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SABC halts retrenchments as it embarks on skills audit

31 January 2019 - 16:38 By Bekezela Phakathi
Picture: SUNDAY TIMES
Picture: SUNDAY TIMES

The SABC said Thursday it had decided not to renew its notice to retrench more than 2,000 permanent staff and freelancers. 

But the broadcaster, which remains in a financial bind, says it will soon embark on a comprehensive skills audit that will provide it with a "fit-for-purpose structure". 

Thursday's announcement follows a previous suspension of the process. 

The broadcaster has not been able to pay all its creditors and warned in November that it will not be able to pay salaries by February unless a R3bn guarantee is secured from the government.

"The SABC announced that today, January 31 2019, marks the expiry of the notice of the consultation process between the SABC and organised labour, as prescribed in terms of section 189 of the Labour Relations Act (LRA)," SABC spokesperson Neo Momodu said.

"In the interest of the SABC, its employees, key stakeholders and the SA public at large, the SABC has decided not to renew the notice to invoke the section."

She said this followed engagements with various stakeholders, including the parliamentary portfolio committee on communications, organised labour and the broadcaster's employees.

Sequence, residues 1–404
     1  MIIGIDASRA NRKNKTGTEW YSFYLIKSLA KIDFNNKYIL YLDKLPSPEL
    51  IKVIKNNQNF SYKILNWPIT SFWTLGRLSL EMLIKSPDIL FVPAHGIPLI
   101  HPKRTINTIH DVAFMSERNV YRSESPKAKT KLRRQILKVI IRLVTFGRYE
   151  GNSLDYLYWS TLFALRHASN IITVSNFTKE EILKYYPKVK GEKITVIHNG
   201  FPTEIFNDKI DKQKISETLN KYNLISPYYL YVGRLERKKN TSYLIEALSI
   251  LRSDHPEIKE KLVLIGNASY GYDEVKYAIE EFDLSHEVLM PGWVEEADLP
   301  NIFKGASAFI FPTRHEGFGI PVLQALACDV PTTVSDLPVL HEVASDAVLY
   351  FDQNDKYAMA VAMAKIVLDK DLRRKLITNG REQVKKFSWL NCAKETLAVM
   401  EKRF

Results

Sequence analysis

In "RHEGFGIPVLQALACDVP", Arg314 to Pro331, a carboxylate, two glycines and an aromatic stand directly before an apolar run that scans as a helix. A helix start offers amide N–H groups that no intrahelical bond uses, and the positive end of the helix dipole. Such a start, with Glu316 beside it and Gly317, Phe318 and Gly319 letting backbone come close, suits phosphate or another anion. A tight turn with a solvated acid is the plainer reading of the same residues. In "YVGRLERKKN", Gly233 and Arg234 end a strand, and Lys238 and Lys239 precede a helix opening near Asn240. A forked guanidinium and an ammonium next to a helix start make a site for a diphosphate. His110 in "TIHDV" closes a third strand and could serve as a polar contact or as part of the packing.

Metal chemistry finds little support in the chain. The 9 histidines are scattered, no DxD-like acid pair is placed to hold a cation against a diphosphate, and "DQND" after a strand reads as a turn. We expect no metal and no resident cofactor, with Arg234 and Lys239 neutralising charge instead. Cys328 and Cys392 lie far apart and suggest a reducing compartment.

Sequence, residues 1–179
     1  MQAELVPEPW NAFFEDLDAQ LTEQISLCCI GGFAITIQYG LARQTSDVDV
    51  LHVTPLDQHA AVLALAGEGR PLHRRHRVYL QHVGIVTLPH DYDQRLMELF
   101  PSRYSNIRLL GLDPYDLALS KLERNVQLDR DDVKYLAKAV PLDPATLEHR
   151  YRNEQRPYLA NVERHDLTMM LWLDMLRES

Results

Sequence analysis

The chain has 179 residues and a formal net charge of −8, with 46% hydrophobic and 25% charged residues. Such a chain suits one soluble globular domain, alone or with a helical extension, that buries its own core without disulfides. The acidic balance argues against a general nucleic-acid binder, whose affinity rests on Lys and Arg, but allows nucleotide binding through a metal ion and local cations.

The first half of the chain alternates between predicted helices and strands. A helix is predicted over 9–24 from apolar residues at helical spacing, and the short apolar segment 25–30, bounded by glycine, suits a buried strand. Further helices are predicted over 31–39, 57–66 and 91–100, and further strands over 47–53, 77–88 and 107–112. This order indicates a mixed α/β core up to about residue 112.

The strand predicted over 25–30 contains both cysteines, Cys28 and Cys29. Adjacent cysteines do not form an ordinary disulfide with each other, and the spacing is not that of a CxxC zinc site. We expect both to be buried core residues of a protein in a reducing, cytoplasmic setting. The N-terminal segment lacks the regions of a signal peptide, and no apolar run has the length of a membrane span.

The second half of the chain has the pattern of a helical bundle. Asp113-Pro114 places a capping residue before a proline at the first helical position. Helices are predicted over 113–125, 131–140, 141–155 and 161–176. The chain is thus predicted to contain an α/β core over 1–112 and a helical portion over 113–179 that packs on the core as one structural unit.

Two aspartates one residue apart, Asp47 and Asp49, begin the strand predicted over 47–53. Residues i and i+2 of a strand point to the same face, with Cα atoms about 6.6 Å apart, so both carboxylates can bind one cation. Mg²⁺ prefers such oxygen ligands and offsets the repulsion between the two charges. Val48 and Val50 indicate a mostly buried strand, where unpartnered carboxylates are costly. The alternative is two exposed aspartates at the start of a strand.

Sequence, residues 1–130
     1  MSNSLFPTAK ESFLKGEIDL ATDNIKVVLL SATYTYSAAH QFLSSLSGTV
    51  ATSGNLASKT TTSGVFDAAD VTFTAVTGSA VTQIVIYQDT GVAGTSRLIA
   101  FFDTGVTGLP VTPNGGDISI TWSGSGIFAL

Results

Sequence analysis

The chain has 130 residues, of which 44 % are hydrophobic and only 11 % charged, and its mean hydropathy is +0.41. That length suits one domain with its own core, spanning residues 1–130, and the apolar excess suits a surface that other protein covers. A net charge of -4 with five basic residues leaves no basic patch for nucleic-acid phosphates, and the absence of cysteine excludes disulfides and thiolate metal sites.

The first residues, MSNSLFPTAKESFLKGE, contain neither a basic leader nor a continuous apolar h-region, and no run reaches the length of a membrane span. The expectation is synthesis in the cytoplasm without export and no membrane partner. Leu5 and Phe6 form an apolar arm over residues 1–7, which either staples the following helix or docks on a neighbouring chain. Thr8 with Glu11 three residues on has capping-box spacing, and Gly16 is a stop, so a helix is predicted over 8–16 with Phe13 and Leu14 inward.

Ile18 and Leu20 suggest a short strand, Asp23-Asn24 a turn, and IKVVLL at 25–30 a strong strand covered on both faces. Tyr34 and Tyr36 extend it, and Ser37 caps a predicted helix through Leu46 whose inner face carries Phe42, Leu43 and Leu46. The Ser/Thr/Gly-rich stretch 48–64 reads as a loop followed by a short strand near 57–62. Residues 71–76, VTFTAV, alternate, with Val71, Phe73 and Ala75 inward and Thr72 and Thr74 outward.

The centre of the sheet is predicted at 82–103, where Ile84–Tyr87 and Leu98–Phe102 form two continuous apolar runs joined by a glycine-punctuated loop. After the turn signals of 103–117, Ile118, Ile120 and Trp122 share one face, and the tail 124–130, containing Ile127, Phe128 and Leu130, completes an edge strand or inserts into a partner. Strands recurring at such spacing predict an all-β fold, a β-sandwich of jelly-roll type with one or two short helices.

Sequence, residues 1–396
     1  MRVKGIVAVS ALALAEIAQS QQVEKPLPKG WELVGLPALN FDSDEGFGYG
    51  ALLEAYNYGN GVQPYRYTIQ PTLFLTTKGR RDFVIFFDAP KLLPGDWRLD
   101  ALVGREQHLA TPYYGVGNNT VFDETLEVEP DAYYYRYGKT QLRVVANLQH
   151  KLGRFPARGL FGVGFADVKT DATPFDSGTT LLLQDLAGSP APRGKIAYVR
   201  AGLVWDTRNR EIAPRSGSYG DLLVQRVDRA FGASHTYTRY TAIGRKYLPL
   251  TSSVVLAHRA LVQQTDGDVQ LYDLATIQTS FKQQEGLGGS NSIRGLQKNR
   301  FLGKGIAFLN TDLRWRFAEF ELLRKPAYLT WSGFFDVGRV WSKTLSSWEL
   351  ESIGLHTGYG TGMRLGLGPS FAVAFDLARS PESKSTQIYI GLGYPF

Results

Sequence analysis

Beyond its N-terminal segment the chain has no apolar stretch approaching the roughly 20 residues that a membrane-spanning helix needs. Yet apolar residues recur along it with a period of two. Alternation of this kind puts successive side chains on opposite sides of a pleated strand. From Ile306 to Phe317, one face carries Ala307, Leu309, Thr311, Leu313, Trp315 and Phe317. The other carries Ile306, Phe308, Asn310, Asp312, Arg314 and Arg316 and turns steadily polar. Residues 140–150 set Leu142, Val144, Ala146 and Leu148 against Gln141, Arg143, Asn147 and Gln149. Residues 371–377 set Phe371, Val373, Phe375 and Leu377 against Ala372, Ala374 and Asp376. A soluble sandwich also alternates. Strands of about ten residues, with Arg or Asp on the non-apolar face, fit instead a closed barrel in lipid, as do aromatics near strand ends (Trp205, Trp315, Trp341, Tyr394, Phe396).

Momodu said all stakeholders acknowledged the need to review the increase in costs, including the compensation bill, hence the need to conduct a thorough skills audit.

"The outcome will provide the SABC with a fit-for-purpose structure, with clearly defined span of control, appropriate layers of management and appropriate skills and competencies for roles. This will ensure that the SABC meets its strategic objective of operating optimally and competitively in a digitised environment," she said.

The SABC sunk into a deeper crisis in late 2018 following the resignation of four directors, which left the broadcaster's board without the quorum required to make decisions. 

Their resignations came in the wake of a scathing letter by communications minister Stella Ndabeni-Abrahams to the board in which she accused the nonexecutive directors of not acting in the best interest of the public broadcaster as they pressed on with retrenchments.

In 2018, executives said the SABC had uncovered a number of irregular promotions and salary increases by the previous management, which resulted in the inflation of the salary bill.

The broadcaster was overstaffed yet the wage bill was further inflated when freelancers were hired to do jobs that could be done by permanent employees.

In September 2018, the SABC, which recorded a loss of R622m in the financial year to end-March, was granted borrowing powers and a borrowing limit of up to R1.2bn by the Treasury, in line with the Public Finance Management Act.

The SABC spends more than R3bn a year on the salaries of 3,000 permanent employees. It expects a net loss of R805m in the 2018-2019 financial year, should cost-cutting measures not be implemented.


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